Exposure to certain chemicals produced by the immune system causes bone marrow stem cells to differentiate into myeloid cells designed for infection fighting and injury repair. When they’re not producing these cells, bone marrow stem cells are providing lifelong blood cell refreshing. In a new study published in Nature Cell Biology
, scientists connected chronic exposure to a certain chemical, called interleukin-1 (IL-1) with an overproduction of destructive inflammatory cells and neglect of proper circulatory maintenance.
Blood-forming bone marrow stem cells, also known as hematopoietic stem cells (HSCs) have the ability to regenerate and provide all the body’s needed blood cells. These cells are also incredibly sensitive to changes in their environment, and elevated IL-1 levels can cause chronic inflammation, a condition associated with obesity, diabetes, autoimmune disorders, and aging when HSCs produce too many inflammatory cells.
"If you're working under a constant state of emergency, you become stressed and less effective,” explained Eric M. Pietras, PhD. “I think of blood stem cells in the same way.”
From the University of Colorado Anschutz Medical Campus, scientists treated mice with IL-1 for 20 days then withheld treatment for several weeks to see if HSCs recovered from the inflammation. While the findings showed that the inflammation was indeed reversible, they are also concerned that there is a time of exposure where the HSCs would be permanently affected by IL-1 exposure.
Reduced blood cell formation can either lead to reduced oxygen flow to tissues from there being too few red blood cells or to immunodeficiency from their being too few lymphoid cells. Whether it is the cardiovascular system or the immune system being threatened by chronic IL-1 exposure, scientists are quickly looking for ways to prevent and inhibit chronic inflammation from continuing for an extended period of time.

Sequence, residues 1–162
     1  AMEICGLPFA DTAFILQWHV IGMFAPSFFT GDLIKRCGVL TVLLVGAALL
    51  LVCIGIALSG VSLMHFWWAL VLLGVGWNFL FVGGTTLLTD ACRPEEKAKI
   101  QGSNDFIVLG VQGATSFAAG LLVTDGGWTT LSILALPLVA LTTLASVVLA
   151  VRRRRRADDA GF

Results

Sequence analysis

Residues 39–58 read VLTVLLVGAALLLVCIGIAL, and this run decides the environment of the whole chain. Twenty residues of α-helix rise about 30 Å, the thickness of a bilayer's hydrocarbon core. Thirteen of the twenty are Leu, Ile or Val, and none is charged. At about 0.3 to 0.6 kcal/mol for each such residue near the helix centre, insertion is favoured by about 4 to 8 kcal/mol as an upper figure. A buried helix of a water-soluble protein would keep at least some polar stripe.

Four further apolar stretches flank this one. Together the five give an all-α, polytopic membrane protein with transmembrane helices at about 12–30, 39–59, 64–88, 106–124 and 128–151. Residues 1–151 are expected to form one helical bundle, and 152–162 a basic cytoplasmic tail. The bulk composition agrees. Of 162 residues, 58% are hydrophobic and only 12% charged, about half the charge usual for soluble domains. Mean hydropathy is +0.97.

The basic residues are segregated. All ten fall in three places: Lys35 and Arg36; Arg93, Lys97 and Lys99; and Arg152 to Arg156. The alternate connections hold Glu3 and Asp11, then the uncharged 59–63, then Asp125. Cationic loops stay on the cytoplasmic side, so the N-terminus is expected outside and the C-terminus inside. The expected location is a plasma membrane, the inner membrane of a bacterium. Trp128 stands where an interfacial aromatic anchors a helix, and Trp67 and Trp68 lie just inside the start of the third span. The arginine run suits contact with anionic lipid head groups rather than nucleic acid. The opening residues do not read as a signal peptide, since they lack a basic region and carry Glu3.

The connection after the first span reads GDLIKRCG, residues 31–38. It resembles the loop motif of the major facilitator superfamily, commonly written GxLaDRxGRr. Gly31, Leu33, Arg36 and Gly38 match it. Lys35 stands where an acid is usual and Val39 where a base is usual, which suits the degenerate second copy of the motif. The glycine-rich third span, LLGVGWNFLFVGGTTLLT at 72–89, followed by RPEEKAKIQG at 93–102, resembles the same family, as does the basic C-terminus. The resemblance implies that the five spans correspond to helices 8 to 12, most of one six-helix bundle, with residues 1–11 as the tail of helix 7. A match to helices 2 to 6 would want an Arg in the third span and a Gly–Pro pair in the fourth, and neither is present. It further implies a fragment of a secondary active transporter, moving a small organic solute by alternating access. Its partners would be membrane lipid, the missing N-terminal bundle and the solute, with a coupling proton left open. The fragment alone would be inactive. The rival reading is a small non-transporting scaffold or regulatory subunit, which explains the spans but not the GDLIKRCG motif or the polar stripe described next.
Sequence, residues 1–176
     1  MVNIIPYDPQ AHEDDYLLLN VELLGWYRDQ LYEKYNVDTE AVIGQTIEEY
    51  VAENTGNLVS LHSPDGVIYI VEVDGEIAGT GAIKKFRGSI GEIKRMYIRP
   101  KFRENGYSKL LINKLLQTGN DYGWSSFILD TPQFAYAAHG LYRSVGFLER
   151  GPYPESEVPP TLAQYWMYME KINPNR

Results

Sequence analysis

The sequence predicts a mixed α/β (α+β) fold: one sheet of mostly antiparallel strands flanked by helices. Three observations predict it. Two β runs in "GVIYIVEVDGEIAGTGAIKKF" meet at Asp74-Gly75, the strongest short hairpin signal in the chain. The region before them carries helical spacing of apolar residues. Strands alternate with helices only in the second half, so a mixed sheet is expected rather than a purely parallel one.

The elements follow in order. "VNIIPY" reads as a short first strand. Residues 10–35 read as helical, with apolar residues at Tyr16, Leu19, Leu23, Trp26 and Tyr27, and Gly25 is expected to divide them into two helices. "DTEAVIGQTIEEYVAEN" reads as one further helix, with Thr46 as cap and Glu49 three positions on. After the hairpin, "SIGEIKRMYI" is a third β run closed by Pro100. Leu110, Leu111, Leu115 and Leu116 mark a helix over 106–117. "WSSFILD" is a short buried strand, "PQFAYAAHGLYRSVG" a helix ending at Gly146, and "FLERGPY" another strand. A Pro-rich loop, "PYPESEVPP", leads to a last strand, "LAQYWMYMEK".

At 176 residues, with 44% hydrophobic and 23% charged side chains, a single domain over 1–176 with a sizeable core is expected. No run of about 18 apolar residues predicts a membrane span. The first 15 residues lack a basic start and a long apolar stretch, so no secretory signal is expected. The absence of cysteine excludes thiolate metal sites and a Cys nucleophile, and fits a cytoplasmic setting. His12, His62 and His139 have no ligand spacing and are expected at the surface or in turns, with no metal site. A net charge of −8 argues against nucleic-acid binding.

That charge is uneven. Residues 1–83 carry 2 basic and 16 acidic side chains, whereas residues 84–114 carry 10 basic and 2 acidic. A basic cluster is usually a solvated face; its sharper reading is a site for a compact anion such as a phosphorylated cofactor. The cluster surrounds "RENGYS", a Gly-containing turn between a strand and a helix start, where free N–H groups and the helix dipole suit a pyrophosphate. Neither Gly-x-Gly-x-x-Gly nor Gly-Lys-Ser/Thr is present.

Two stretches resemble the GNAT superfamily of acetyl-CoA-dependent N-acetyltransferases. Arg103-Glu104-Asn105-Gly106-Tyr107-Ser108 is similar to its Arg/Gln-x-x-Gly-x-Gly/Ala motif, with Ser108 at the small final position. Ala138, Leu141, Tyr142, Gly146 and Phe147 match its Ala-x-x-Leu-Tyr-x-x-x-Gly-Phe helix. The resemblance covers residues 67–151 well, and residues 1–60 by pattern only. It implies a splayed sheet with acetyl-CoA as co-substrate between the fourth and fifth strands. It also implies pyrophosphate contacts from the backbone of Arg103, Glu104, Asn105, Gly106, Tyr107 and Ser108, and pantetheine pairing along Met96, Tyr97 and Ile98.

This recent study produced novel findings, mostly because it is the first study to show adaption of blood stem cells to meet the body’s needs, or at least what the body is telling them they need. While some inflammation is necessary when the tissues are damaged or there is a pathogenic invasion, there is also a huge difference between short period of inflammation and long periods of inflammation.
Next, scientists are looking for potential interventions to reverse the effect of chronic inflammation on the body, with blocking IL-1 signaling all together is an initial option. Doctors also have to take chronic inflammation into consideration when scanning potential bone marrow donors. Even if two people have compatible blood systems, whether the donor or recipient has been exposed to extensive chronic inflammation could hugely effect the transplantation since HSCs lose their ability to regenerate in the presence of excessive IL-1.
Source: University of Colorado Anschutz Medical Campus